Romania-Insider.com has started a series of articles about Bucharest landmarks of architecture or history, which have witnessed the last century of what is now the Romanian capital, and noteworthy people who have helped build the Romanian capital as it is today. This project is supported by the Bucharest City Hall through the Public Monuments and Touristic Heritage Administration (AMPT), within the cultural program Bucharest-Centennial.
Manuc’s Inn is one of the few inns still standing in Bucharest out of almost 40 which existed two centuries ago. The history of the place is connected to that of the capital and its development, as well as to important political events, among which the preparations for the Great Union of 1918.
The construction of the inn began in 1806 and was finished two years later. The inn carries the name of its founder, Manuc Mârzaian, known as Manuc Bei. He was an Armenian merchant and diplomat who had moved to the Romanian provinces of the time. After serving as dragoman, a position with diplomatic duties, and a councilor to the Ottoman Empire, Manuc became in 1808 a bei(similar to a governor) of Moldova.
The inn takes up a part of the old Princely Court and was erected on a plot Manuc purchased at an auction. The inn was located in the commercial center of the old town, surrounded by streets named after the various merchants in the area: Lipscani (tradesmen of goods brought from Leipzig), Gabroveni (tradesmen of cloth from Gabrovo), Covaci (blacksmiths) or Șelari (tradesmen of saddles and leather goods).
As Manuc was involved in the negotiations between the Russian and Turkish army, the inn was the place where the discussions regarding the peace were held and where the Peace of Bucharest was signed in May 1812. The treaty ended the conflict which had started in 1806 and stipulated that the Ottoman Empire ceded territories to the Russian Empire. Among them was eastern Moldova- Bessarabia, as it was called back then.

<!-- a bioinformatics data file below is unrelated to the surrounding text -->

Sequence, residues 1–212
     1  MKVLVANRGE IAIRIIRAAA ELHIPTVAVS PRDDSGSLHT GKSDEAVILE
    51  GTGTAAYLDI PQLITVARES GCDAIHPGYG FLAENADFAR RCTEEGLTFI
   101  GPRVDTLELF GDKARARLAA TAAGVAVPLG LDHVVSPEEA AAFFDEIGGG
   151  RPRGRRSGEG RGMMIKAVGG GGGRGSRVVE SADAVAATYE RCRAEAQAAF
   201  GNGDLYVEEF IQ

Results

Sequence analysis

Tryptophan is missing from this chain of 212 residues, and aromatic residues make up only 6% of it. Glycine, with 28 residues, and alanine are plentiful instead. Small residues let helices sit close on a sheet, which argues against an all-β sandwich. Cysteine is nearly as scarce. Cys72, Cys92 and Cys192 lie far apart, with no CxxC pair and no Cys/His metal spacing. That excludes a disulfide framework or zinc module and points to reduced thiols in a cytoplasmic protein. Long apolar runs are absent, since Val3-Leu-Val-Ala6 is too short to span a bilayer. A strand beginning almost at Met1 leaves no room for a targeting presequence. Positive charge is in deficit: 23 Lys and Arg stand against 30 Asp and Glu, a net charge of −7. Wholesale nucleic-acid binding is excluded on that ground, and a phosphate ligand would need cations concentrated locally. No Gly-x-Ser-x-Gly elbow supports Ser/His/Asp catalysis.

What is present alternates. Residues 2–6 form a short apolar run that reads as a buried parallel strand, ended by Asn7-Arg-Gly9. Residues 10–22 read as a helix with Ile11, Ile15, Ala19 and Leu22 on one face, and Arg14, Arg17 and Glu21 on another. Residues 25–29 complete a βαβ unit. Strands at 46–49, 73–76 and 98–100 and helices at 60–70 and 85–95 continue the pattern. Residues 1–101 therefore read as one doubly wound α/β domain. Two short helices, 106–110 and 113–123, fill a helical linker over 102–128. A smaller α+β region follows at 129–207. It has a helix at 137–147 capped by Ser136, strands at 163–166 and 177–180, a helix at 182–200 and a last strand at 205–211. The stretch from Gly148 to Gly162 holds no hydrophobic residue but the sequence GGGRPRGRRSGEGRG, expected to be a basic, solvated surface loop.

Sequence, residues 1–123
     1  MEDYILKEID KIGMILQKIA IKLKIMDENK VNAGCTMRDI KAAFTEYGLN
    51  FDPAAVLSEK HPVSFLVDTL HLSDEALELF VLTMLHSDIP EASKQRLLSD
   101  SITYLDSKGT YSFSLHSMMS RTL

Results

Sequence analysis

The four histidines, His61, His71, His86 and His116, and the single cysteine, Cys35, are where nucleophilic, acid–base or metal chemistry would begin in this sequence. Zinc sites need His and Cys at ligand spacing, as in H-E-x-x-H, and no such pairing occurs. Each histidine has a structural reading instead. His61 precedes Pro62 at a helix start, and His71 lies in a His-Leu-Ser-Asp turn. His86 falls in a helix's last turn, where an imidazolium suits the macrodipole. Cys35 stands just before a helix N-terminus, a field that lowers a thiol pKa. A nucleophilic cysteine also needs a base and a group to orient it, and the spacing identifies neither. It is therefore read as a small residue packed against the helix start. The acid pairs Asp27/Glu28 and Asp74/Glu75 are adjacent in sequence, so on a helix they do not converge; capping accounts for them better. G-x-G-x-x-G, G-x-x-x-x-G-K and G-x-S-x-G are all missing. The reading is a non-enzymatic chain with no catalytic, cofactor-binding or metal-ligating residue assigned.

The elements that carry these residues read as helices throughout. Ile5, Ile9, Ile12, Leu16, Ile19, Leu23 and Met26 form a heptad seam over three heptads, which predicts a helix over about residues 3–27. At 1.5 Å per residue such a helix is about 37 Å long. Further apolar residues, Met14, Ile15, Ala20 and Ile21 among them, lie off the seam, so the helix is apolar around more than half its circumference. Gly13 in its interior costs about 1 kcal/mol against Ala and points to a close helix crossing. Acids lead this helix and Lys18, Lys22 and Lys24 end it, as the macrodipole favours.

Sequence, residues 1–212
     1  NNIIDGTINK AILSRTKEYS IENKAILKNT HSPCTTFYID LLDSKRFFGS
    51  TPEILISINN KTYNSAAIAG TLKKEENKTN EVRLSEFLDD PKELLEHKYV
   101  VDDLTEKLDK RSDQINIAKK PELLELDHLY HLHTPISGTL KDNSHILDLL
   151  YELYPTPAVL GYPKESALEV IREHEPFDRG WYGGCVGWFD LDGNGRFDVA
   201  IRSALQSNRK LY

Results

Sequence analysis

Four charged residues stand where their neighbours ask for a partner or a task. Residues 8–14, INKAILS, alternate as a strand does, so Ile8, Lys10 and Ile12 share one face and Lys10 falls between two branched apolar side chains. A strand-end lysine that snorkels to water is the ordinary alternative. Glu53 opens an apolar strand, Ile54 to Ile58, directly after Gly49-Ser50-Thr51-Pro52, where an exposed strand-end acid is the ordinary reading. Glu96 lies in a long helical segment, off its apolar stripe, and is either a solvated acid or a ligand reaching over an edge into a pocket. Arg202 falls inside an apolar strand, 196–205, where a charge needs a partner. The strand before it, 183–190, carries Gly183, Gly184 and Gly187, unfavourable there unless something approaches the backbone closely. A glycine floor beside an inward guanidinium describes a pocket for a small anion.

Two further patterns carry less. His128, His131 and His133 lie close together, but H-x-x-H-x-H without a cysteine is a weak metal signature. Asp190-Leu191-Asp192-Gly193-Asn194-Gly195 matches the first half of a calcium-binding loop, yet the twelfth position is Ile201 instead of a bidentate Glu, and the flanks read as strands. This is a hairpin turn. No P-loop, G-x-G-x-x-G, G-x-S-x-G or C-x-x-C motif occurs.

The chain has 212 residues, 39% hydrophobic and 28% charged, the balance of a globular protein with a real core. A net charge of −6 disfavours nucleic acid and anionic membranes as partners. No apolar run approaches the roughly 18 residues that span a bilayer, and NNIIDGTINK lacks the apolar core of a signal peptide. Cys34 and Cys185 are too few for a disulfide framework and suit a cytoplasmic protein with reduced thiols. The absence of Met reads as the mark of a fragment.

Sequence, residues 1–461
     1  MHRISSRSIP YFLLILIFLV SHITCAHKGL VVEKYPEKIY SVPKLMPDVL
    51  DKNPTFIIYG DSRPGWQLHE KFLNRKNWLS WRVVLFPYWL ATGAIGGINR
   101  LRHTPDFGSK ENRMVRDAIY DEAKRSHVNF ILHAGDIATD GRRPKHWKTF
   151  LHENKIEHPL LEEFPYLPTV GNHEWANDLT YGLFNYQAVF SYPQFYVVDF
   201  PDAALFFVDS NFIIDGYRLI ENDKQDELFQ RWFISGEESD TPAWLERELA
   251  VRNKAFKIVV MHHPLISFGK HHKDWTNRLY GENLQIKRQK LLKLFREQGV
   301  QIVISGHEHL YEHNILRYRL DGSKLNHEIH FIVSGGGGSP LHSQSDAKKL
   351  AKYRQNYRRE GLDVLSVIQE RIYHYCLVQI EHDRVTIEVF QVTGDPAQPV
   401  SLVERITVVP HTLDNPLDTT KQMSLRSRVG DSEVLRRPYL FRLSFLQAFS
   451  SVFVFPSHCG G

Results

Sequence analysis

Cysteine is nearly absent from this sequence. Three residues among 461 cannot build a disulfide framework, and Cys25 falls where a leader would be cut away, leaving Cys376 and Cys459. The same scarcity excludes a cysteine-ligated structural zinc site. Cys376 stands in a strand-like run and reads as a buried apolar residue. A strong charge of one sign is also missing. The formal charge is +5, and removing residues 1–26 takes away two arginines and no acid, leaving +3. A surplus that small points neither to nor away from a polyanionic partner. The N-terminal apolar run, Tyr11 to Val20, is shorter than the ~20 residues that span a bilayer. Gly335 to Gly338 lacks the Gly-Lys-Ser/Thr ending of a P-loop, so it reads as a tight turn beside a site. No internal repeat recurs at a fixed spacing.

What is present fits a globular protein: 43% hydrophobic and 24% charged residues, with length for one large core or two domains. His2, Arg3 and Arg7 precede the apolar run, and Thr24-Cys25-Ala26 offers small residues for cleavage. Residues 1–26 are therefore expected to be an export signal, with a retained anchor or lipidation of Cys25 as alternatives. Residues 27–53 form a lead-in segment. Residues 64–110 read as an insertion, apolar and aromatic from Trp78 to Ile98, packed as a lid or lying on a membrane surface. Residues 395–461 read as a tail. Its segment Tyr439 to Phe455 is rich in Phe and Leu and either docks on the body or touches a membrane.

After Manuc died in 1818, the inn changed ownership several times. During the second half of the 19thcentury, it was purchased by Vasilescu Lambru. He changed its name to “The Grand Dacia Hotel” (Grand Hotel de la Dacie), after repairing and transforming it in 1874.
The inn had already increased its capacity and had been added spaces for stores following works in 1848 and 1863. The inn had 107 rooms at the top levels. At the ground level, besides 20 rooms, there were two large halls and 23 stores, while the basement had 15 cellars.
Around 1880, the inn was accommodating a performance hall as well. Romanian actors Grigore Manolescu and Mihail Pascaly gave performances here, as did the operetta company led by Ion Băjenaru.
Turned into a cultural and commercial hub of the capital, the inn was, at the beginning of the 20thcentury, one of the meeting places of the elites planning the entrance of Romania into the First World War and the union with Transylvania and Bucovina, achieved eventually in 1918. Among those who stopped by the inn were: Take Ionescu, a former finance minister, foreign affairs minister, prime minister of Romania, and a supporter of the country’s entering the war on the side of the Entente, the poet and politician Octavian Goga, playwright Barbu Ștefănescu Delavrancea, a former mayor of the capital, and Nicolae Filipescu, another former mayor of Bucharest.